Sharing Our Space

2 LBC children Two years ago, the Lai Baptist Church—a young and emerging Chin congregation—came to us out of the blue and said, “We need a place to worship.  Can you help us?”

That request started me on a special journey of church leadership and faith that has been totally unexpected and refreshing.  And, of course, challenging!  Many of the members of this refugee congregation have arrived in the United States within the last couple of years, so their command of English and American culture is a challenge.  Still, it is clear that God has been blessing and growing me as I have waded into life with these brothers and sisters in Christ.

LBC childrenHere are three things that I have learned—and re-learned—from this congregation of young men, women, and children:

First, I have learned to listen closely.  Because of language barriers, I discovered that I cannot make assumptions about what church members are trying to tell me, and it is imperative that I keep asking questions to make sure that I understand them.  I work to make sure that my own language is clear, and simple.  I am grateful when we can speak face-to-face, (out of necessity, many of my conversations with the church leaders is by text messages) because I can read their faces and their body language to discern if there is clarity between us.

Second, I have learned to watch carefully.  When I have had the privilege of worshipping with the Lai Baptist Church, my own energy sky-rockets as I watch the members interact with each other, with their worship leaders, and with the Spirit of God flowing through the sanctuary.  Children are everywhere, often cradled at their mother’s chest or sleeping on her back, and the children move back and forth between mothers and fathers sitting on opposite sides of the sanctuary.  The children are clearly at ease in this space and the parents keep a watchful eye on them, while also allowing them room to move about naturally in this community of faith. There is a level of noise and movement that is out of the ordinary in my own experience and I am learning how infectious and exciting the movement can be.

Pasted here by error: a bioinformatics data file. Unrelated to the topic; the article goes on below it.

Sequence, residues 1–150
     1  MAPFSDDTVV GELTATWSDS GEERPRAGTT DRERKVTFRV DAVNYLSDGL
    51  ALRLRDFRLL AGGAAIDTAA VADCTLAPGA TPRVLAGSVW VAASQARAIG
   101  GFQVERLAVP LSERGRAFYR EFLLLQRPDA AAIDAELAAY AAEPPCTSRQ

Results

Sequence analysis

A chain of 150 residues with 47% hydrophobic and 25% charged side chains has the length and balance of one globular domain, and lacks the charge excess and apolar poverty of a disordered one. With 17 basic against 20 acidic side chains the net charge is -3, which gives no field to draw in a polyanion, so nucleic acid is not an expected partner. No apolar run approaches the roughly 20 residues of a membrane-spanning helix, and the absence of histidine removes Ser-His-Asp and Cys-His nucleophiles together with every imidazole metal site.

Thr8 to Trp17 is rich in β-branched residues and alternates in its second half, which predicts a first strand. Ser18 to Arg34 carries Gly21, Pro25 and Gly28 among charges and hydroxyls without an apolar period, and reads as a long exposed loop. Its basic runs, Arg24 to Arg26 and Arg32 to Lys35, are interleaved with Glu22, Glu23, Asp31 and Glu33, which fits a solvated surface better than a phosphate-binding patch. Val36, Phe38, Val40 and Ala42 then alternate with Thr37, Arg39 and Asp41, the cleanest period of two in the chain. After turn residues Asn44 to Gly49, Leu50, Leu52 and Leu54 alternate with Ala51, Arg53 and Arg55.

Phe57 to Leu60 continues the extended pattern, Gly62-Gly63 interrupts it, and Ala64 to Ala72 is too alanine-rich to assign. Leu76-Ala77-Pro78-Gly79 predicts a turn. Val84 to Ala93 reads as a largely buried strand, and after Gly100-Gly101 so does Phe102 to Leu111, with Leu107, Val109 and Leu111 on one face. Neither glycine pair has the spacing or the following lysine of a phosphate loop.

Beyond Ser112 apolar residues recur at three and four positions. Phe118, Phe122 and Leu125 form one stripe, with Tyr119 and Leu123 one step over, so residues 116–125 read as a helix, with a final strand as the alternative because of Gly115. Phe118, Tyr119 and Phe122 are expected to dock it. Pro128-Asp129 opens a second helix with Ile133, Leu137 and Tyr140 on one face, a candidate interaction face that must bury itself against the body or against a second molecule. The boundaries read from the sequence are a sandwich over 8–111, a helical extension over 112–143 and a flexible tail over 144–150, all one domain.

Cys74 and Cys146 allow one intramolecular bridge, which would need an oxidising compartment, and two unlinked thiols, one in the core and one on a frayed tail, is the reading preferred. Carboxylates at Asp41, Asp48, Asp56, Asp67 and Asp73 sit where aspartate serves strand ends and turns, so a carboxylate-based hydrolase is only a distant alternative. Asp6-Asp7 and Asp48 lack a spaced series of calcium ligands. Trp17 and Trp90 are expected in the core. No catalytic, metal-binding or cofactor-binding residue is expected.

Third, I have learned to worship continuously.  What a profound reminder the Lai Baptist Church has given me as they tell me about their Sunday morning education hours in people’s homes, followed by worship in the Brighton Community Church sanctuary, usually followed by dinner together and evening worship.  To all of these times of worship and learning they add a Friday night prayer service in the sanctuary.  It is clear that the Lai Baptist Church has an appreciation for worship, fellowship, education, and mission that is contagious.

It never occurred to me that the presence of the Lai Baptist Church could be such a gift.  I am grateful for what my congregation can offer them, and blessed by their presence in my life.

IMG_0353This post is contributed by Rev. Lisa Drysdale, pastor of Brighton Community Church in Tonawanda, New York. The Lai Baptist Church began worshiping in the sanctuary of the church in August, 2012. Lai is one of the language groups that are part of the Chin ethnic community of Burma.


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